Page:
This is one of a series of Australian Bureau of Statistics (ABS) publications reporting on estimates of Australia's naturally occurring resources. It presents a set of statistics for Australia's fisheries resources. It is part of a broader project being undertaken by the ABS on environmental accounts.
As explained in the publication, lack of appropriate data has limited the amount of fisheries information that can be presented in the form of environmental accounts. Statistics on fish stocks are not available but production data for fresh fish from a range of different sources have been brought together to provide an overall picture of Australian fish production. Data on the supply and use of fresh fish have been presented in the form of environmental accounts.
In Australia, environmental accounting is still a relatively new endeavour. Suggestions and comments on this ABS publication, or environmental accounting in general, would be greatly appreciated and should be sent to the Director, Environment and Energy Statistics Section, Australian Bureau of Statistics, PO Box 10, Belconnen, ACT, 2616.
Table 1.1 provides some information about the contribution of the commercial fishing industry to the Australian economy. This is significant in assessing the contribution of fish resources to our national income and economic wellbeing. Overall the industry is a small contributor to employment and to Gross Domestic Product, however the proportion of total exports is significantly greater than that of imports. Exports and imports include fresh and processed fish and seafood commodities. Employment statistics only include Subdivision 04, Commercial fishing, of the Australian and New Zealand Standard Industrial Classification.
TABLE 1.1 CONTRIBUTION OF COMMERCIAL FISHING INDUSTRY TO ECONOMIC INDICATORS
Source: ABS, Unpublished data, Australian National Accounts, FASTTRACCS, Labour Force Survey.
AUSTRALIAN FISHERIES PRODUCTION
SUMMARY OF PRODUCTION
Fisheries production includes catch from the Commonwealth, State and Northern Territory managed fisheries, aquaculture production, and also catch from the recreational fishing sector. Total production from 1990-91 to 1996-97 is summarised in table 2.1.
|Employment (Nov qtr)|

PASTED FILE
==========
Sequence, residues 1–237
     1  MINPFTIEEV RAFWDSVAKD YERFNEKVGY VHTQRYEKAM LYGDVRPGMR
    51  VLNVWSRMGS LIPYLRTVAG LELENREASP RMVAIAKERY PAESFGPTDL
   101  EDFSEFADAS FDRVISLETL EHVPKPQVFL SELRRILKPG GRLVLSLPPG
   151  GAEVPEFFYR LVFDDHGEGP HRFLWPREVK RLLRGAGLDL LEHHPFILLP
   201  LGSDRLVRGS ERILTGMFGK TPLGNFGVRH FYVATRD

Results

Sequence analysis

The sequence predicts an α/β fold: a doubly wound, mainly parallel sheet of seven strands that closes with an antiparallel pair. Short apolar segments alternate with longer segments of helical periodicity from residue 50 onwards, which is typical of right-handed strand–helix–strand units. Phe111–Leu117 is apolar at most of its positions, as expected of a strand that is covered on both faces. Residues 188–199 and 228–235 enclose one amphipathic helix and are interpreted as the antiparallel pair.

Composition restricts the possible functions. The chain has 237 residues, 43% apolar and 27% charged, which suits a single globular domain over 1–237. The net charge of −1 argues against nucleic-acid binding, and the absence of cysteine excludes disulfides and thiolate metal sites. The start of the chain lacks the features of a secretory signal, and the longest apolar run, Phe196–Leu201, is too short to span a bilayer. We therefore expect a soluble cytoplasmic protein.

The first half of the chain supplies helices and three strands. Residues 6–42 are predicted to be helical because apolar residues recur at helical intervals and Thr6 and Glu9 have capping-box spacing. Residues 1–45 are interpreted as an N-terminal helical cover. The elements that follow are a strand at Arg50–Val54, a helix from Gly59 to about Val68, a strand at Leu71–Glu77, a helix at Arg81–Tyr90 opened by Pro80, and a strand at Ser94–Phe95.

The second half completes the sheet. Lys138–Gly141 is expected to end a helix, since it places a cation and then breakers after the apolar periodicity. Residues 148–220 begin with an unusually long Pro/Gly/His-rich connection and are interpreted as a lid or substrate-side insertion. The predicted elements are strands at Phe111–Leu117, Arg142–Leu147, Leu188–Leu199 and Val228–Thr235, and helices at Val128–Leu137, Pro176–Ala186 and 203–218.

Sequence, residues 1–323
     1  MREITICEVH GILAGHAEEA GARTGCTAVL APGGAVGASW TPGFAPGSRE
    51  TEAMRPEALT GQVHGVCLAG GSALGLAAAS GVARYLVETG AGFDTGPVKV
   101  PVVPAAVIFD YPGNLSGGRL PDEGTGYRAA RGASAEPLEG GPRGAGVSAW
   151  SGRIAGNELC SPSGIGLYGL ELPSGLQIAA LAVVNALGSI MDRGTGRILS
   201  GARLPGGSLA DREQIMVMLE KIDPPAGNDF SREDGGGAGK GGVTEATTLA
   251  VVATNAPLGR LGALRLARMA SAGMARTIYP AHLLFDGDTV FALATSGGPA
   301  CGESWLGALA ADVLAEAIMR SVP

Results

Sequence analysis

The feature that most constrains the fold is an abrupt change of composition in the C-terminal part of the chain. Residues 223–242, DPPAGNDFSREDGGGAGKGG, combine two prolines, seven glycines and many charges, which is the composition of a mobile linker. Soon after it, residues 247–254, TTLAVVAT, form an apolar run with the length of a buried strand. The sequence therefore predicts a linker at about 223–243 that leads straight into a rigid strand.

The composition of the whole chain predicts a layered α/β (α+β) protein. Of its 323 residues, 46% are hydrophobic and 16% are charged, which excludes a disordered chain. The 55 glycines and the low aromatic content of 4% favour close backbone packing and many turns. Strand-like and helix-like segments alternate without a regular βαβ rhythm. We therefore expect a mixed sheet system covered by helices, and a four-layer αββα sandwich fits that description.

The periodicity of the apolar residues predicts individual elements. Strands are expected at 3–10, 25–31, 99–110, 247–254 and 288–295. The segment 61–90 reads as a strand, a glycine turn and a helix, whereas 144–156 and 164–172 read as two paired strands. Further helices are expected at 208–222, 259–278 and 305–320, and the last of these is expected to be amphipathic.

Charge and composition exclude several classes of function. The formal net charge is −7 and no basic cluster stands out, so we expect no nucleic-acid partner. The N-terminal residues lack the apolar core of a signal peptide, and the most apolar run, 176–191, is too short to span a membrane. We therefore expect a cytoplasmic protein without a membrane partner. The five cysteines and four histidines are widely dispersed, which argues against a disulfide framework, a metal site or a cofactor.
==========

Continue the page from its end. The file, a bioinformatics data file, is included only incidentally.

Overall the States and the Northern Territory contributed approximately 64% of Australia's total production. Over this period Western Australia has consistently produced the greatest catch. In 1996-97 this was 45,120 tonnes, 28% of the State and Territory total. The Northern Territory had the smallest catch with about 2% of the State and Territory total in 1996-97. About 24% of total production was from Commonwealth managed fisheries. The contribution of recreational fishers (home production) was about 11% of the total. Total production declined steadily from 1991-92 (292,691 tonnes) to 1996-97 (255,873 tonnes). This was due mainly to substantial falls in production in Tasmanian and Commonwealth managed fisheries over this period.
TABLE 2.1 SUMMARY OF PRODUCTION
Source: ABARE 1992, 1993, 1994, 1995, 1996, 1997; ABS 1994; AFMA Logbook Database; Fisheries Division—Northern Territory Department of Primary Industry and Fisheries; Fisheries Victoria—Catch and Effort System; Fisheries Western Australia—Catch and Effort System; Lobegeiger 1998; New South Wales Fisheries Catch Database; O'Sullivan 1992, 1993, 1994, 1998; O'Sullivan and Kiley 1996, 1997; Queensland Fisheries Management Authority—Commercial Fisheries Information System; South Australian Research and Development Institute Production Figures; Southern Shark Fishery Monitoring Database; Tasmanian General Fishing Logbook; Tasmanian Rock Lobster Catch Record Logbook.
THE FLOW ACCOUNT
SUPPLY AND USE TABLES
The flow account presents supply and use tables for the fishing industry in quantity terms. Together these tables show the flow of fisheries resources from production to end use. As limited information was available on which to base these estimates a number of assumptions were made. Insufficient independent sources are available to verify these assumptions and the data are presented for illustrative purposes only. The main assumptions were:
|State and Territory|
|New South Wales|
|South Australia |
|Western Australia |
|Northern Territory |
- The total supply of fresh fish and seafood in the domestic market is equal to total reported production, home production and imports of fresh whole product.
- Sydney Fish Market sales to various buyer types reflect the national distribution of product domestically.
- Species such as skipjack tuna and jack mackerel are directed entirely to processing industries.
- All product sold by retailers is consumed by households.
- All fish caught recreationally are consumed by households.
- Imports of fresh fish and seafood increased by 63% from 1992-93 to 1997-97. Molluscs and crustaceans accounted for most of the increase. Exports of fresh finfish rose 66%, with an overall increase in fresh exports of 44%.
- Experimental estimates show household consumption accounted for more than 60% of Australia's production and imports of fresh fish and seafood from 1992-93 to 1996-97.
- 10% of fresh fish was used by the 'Accommodation, cafes and restaurants' industry from 1992-93 to 1996-97.
- In 1996-97, 19% of fresh fish was processed into 'other food products', 5% was exported and 2% used by 'other' industries.